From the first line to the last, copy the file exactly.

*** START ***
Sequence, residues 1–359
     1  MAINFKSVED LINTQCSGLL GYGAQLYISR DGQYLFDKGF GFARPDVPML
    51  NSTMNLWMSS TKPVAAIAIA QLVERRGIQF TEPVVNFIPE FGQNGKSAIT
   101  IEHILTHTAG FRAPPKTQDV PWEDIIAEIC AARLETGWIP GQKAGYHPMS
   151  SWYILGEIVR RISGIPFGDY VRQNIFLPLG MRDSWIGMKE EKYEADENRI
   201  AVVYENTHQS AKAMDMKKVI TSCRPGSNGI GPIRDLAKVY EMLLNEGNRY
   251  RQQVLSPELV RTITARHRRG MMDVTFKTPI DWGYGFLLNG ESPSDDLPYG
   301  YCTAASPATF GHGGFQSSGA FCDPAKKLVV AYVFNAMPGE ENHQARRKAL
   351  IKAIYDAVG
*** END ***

Sequence, residues 1–359
     1  MAINFKSVED LINTQCSGLL GYGAQLYISR DGQYLFDKGF GFARPDVPML
    51  NSTMNLWMSS TKPVAAIAIA QLVERRGIQF TEPVVNFIPE FGQNGKSAIT
   101  IEHILTHTAG FRAPPKTQDV PWEDIIAEIC AARLETGWIP GQKAGYHPMS
   151  SWYILGEIVR RISGIPFGDY VRQNIFLPLG MRDSWIGMKE EKYEADENRI
   201  AVVYENTHQS AKAMDMKKVI TSCRPGSNGI GPIRDLAKVY EMLLNEGNRY
   251  RQQVLSPELV RTITARHRRG MMDVTFKTPI DWGYGFLLNG ESPSDDLPYG
   301  YCTAASPATF GHGGFQSSGA FCDPAKKLVV AYVFNAMPGE ENHQARRKAL
   351  IKAIYDAVG